The Next Windows 10 Upgrade Is Already In the Works
The public may have mixed opinions about Windows 10, but this hasn’t stopped Microsoft from delivering what it promised. Their promise? To continually improve its platform. Despite its rocky start, Windows 10 has been getting major upgrades at a rapid pace and its creators just confirmed that another one may be on the way. In a revelation made to a team of developers at Ignite Australia in recent weeks, Microsoft disclosed through a presentation that a major update will follow by the end of the year. The Windows 10 upgrade unnamed service pack will follow the Creators Update (the Redstone 3) and we’ve still got little information of what it will contain. Tech experts, however, have given out a few hints on what the update may include.
What Redstone 4 Might Unveil
To begin with, there are speculations the update will highlight Project NEON. It’s a major redesign for Windows 10, which includes aesthetic improvements and a unification around a new design language. Judging from the leaks we’ve seen so far on Project NEON, it looks awesome.
Aside from the potential new look that Windows 10 will soon have, we’re curious to see how it’ll tie up with the rumored Windows Cloud―a possibly new variant of Windows 10. The leaks of this widely speculated operating system show an uncanny resemblance to the failed Windows RT as it only runs Universal Windows Platform (UWP) apps. In case you don’t know, these apps you purchase and download from the Windows Store run across all compatible Microsoft Windows device.
What this means is that this upcoming Windows 10 variation could be the primary contender to Google’s increasingly capable and incredibly lightweight Chrome OS. And we could be interacting with it no sooner than this year.
A New Windows 10 Upgrade?
You heard that right. Microsoft may be working on the next Windows platform as early as today. It’s frankly an odd direction, considering that Windows 10 is barely two years old.
This incredible piece of information shows what potentially could be the next Windows operating system (OS). For the record, it’s unlike anything we or anybody has seen before.
New OS Dubbed “Windows Cloud”
News of a mysterious OS first circulated weeks ago when code references hinted about it in the latest beta for the upcoming Windows 10 upgrade. While Microsoft was quick to quell the rumors, people have already got their hands on an actual build of the so-called “Windows Cloud”.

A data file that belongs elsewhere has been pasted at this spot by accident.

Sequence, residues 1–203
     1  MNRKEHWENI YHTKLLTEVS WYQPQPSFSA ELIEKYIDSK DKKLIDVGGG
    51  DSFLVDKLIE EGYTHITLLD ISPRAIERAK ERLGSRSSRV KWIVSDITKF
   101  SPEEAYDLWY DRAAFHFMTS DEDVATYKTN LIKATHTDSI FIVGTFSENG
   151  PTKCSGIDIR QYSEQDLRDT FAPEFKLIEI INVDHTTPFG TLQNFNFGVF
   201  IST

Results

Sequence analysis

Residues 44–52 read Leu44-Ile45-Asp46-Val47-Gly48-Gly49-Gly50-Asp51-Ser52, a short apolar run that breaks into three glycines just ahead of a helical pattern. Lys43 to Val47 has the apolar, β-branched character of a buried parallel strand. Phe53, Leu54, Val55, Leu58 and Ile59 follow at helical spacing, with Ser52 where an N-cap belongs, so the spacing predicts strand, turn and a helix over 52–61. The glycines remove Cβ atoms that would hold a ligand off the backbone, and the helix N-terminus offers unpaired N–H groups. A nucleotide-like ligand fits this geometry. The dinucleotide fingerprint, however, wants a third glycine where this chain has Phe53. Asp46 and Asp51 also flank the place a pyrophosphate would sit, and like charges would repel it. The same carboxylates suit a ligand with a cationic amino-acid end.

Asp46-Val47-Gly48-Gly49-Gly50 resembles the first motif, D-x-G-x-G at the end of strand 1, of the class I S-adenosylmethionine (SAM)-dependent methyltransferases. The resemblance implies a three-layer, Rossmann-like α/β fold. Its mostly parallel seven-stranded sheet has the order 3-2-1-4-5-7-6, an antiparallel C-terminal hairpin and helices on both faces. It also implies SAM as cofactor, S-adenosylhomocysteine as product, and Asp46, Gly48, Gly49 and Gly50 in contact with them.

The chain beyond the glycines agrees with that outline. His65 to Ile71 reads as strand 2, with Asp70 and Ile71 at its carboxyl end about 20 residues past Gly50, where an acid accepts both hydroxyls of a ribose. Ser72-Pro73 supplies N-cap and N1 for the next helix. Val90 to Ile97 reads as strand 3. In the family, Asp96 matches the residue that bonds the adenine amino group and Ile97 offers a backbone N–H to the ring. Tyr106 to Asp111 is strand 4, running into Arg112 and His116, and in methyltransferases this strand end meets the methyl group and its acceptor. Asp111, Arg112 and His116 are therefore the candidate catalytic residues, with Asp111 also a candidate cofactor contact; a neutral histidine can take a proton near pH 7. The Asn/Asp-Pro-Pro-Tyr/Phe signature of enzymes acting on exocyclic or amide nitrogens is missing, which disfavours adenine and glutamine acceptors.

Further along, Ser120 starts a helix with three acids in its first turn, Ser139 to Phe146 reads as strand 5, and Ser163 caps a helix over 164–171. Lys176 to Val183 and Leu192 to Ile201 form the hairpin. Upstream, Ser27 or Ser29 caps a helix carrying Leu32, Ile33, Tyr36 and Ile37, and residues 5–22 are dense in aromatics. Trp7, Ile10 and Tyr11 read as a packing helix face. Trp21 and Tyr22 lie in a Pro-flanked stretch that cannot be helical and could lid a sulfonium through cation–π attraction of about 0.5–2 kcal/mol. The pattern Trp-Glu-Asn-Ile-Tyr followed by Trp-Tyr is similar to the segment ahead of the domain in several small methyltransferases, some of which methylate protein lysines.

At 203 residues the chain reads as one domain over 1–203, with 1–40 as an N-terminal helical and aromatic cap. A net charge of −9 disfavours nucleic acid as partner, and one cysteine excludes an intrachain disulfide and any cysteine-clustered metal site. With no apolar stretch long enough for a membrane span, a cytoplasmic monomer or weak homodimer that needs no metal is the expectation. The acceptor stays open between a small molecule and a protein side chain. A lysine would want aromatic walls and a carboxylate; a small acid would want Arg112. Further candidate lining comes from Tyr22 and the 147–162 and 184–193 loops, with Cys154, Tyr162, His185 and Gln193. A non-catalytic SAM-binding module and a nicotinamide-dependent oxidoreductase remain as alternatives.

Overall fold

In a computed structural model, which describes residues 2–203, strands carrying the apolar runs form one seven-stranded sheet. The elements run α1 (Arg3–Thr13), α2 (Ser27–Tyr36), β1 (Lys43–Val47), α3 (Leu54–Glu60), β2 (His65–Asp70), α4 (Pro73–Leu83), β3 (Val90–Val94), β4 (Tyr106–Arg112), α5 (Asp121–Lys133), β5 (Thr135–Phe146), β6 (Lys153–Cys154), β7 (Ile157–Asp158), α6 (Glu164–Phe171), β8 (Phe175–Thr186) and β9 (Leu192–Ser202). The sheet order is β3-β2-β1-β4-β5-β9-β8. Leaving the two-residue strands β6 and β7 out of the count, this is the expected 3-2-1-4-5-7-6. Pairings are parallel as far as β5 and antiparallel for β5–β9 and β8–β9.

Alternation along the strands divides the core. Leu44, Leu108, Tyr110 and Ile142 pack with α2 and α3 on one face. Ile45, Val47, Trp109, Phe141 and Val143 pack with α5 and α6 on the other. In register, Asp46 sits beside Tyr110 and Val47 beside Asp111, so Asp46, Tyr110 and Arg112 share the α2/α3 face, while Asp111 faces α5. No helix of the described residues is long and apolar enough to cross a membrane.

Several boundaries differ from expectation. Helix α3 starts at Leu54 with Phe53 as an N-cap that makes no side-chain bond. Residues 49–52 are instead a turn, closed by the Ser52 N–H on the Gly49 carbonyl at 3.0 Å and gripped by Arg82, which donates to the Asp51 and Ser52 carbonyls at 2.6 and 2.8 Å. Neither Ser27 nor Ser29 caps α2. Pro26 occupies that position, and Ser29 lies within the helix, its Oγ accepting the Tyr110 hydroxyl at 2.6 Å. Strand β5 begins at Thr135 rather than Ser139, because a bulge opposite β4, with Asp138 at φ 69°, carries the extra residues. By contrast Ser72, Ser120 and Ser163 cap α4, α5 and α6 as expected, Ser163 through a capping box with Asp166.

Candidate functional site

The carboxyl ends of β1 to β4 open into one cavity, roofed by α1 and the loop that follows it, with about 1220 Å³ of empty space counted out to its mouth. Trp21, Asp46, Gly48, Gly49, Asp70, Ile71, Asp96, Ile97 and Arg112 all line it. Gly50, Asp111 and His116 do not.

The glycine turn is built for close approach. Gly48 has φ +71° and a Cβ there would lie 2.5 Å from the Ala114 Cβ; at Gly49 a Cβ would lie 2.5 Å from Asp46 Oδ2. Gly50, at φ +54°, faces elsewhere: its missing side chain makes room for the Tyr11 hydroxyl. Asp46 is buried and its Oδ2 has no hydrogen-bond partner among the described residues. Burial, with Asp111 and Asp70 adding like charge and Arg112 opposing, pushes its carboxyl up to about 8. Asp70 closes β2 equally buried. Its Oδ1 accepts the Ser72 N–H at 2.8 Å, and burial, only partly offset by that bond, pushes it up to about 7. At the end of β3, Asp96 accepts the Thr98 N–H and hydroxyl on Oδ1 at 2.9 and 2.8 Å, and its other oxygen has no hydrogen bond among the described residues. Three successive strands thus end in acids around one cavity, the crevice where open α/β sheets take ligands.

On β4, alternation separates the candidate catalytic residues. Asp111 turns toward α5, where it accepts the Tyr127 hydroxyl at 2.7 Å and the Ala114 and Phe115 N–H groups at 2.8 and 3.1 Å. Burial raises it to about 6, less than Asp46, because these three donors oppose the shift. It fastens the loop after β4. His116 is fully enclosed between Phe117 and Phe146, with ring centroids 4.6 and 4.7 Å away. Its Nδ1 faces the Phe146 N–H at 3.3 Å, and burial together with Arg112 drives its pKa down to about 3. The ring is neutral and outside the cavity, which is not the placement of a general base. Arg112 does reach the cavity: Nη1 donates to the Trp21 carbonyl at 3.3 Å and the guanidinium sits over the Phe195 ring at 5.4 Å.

Curious what was found out? Well, they tested what could be a stripped version of Windows 10.
As mentioned earlier, it only runs Universal Windows Platform (UWP) apps or apps that have been programmed to readily run on both mobile devices and desktop interface. Run a standard desktop program on the Windows Cloud and you’ll be denied with the message: “The app you’re trying to run isn’t designed for this version of Windows.”
It’s also curious to see Microsoft tag “cloud” onto the name of this potential Windows 10 variant. Unlike Chrome OS, it doesn’t run on the cloud. Could it simply mean that the system is incredibly lightweight compared to its predecessors?
A Replacement for Window 10?
If we go by popular speculations, Windows Cloud may very well be supplementing Windows 10 rather than supplanting it. The more we think about it, it may be that Microsoft will be using its own lightweight OS to go toe-to-toe with Chrome OS.
This no longer surprises us considering that Google’s cloud-based model has turned out to be an astounding success, profit-wise. It currently outsells Macs, and may have given Microsoft an idea to try and tap into that market.
On the other hand, there are rumors that this new Windows 10 variant could pave the way for the company to further test the viability of launching new business schemes. Keep in mind that Microsoft already has set up monthly rental fees in place for business ($7 for every user who uses Windows 10 on an enterprise-level).
A Potential Boom or Possible Bust
The last time we checked, Microsoft’s shot at managing two new Windows version resulted in a massive failure. They’ve explored new frontiers, sure, but it doesn’t take a genius to see that there was more downside to them launching Windows 8 together with Windows RT.
Would Microsoft commit the same mistake or has the brand learned from the past? We may have to wait and see.
What we know is this: Windows 10 may be Microsoft’s “last version” of its well-known platform. So, it’s doing everything in its power to make sure it’ll be a bigger runaway success.
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